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Year : 2015  |  Volume : 36  |  Issue : 3  |  Page : 323-328  

The Ayurvedic drug Ksheerabala (101) ameliorates alcohol-induced neurotoxicity by down-regulating the expression of transcription factor (NFkB) in rat brain

Department of Biochemistry, University of Kerala, Thiruvananthapuram, Kerala, India

Date of Web Publication20-May-2016

Correspondence Address:
Indira Madambath
Department of Biochemistry, University of Kerala, Kariavattom, Thiruvananthapuram - 695 581, Kerala
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Source of Support: None, Conflict of Interest: None

DOI: 10.4103/0974-8520.182749

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Introduction: Most of the pharmaceutical effects of alcohol are due to its accumulation in the brain. Ksheerabala (101) an Ayurvedic formulation mainly used against central nervous system disorders. Aim: To determine the antioxidant and neuroprotective effect of Ksheerabala(101) on alcohol-induced oxidative stress in rats. Materials and Methods: Male Albino rats of Sprague-Dawley strain were grouped into four; control, alcohol (4 g/kg), Ksheerabala (15 μL/1 ml milk/100 g) and Ksheerabala (15 μL/1 ml milk/100 g) + alcohol (4 g/kg). After the experimental period (90 days), the animals were sacrificed and the effect of Ksheerabala (101) was studied on oxidative stress, inflammatory markers, and induction of transcription factor in brain. Results were statistically analyzed by one-way ANOVA. Results: The activities of antioxidant enzymes and reduced glutathione which were decreased in alcohol-treated rats, increased significantly in co-administered groups. The lipid peroxidation products and protein carbonyls which were increased significantly in alcohol-treated rats decreased significantly in co-administered groups. The expression of gamma-glutamyl cysteine synthase decreased significantly in alcohol-treated rats and increased significantly in co-administered groups. The transcription factor nuclear factor-κB (NFκB) which was up-regulated in alcohol-treated rats was down-regulated in co-administered rats. The histopathology reinforced these results. Conclusion: Ksheerabala (101) attenuates alcohol-induced oxidative stress and down-regulates the expression of NFκB in rat brain.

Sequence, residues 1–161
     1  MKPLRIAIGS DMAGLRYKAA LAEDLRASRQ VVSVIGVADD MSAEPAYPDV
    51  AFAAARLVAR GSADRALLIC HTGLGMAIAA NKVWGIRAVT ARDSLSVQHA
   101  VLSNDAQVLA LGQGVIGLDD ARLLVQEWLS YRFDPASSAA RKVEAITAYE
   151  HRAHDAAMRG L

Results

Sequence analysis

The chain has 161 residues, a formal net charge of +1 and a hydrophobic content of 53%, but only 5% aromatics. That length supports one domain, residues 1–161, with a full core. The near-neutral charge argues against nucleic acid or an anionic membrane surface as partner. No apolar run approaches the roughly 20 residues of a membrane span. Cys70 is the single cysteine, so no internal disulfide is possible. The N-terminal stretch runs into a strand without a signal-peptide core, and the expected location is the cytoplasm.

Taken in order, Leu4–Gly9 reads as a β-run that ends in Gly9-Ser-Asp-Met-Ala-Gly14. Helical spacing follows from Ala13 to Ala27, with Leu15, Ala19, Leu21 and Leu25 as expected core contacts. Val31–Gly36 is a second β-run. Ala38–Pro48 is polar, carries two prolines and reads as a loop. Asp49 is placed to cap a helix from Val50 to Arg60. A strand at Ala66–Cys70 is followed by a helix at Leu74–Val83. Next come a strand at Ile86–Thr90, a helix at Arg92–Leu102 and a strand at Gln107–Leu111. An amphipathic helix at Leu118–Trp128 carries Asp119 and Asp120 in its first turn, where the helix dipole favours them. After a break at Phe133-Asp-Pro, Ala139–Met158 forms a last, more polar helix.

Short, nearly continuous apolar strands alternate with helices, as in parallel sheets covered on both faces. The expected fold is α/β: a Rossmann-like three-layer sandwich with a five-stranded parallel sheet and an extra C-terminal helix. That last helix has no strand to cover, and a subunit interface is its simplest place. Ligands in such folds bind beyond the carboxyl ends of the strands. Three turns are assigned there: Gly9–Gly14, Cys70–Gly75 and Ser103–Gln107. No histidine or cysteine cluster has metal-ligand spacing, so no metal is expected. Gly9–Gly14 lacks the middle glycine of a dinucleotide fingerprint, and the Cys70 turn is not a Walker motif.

Keywords: Alcohol, histopathology, Ksheerabala(101), neurotoxicity, oxidative stress

How to cite this article:
Rejitha S, Prathibha P, Madambath I. The Ayurvedic drug Ksheerabala (101) ameliorates alcohol-induced neurotoxicity by down-regulating the expression of transcription factor (NFkB) in rat brain. AYU 2015;36:323-8

How to cite this URL:
Rejitha S, Prathibha P, Madambath I. The Ayurvedic drug Ksheerabala (101) ameliorates alcohol-induced neurotoxicity by down-regulating the expression of transcription factor (NFkB) in rat brain. AYU [serial online] 2015 [cited 2023 May 30];36:323-8. Available from: https://www.ayujournal.org/text.asp?2015/36/3/323/182749

   Introduction Top